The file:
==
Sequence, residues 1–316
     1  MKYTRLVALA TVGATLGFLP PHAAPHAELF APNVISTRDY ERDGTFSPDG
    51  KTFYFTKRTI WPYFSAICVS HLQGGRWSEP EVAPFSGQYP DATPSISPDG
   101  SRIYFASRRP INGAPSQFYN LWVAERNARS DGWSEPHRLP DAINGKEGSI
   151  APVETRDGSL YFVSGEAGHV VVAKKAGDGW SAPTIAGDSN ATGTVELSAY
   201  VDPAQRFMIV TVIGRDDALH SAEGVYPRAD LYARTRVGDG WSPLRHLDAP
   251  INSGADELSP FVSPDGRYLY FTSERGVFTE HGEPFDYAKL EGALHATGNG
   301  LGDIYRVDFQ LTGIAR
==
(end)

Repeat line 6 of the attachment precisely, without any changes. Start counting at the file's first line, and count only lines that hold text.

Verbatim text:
   201  VDPAQRFMIV TVIGRDDALH SAEGVYPRAD LYARTRVGDG WSPLRHLDAP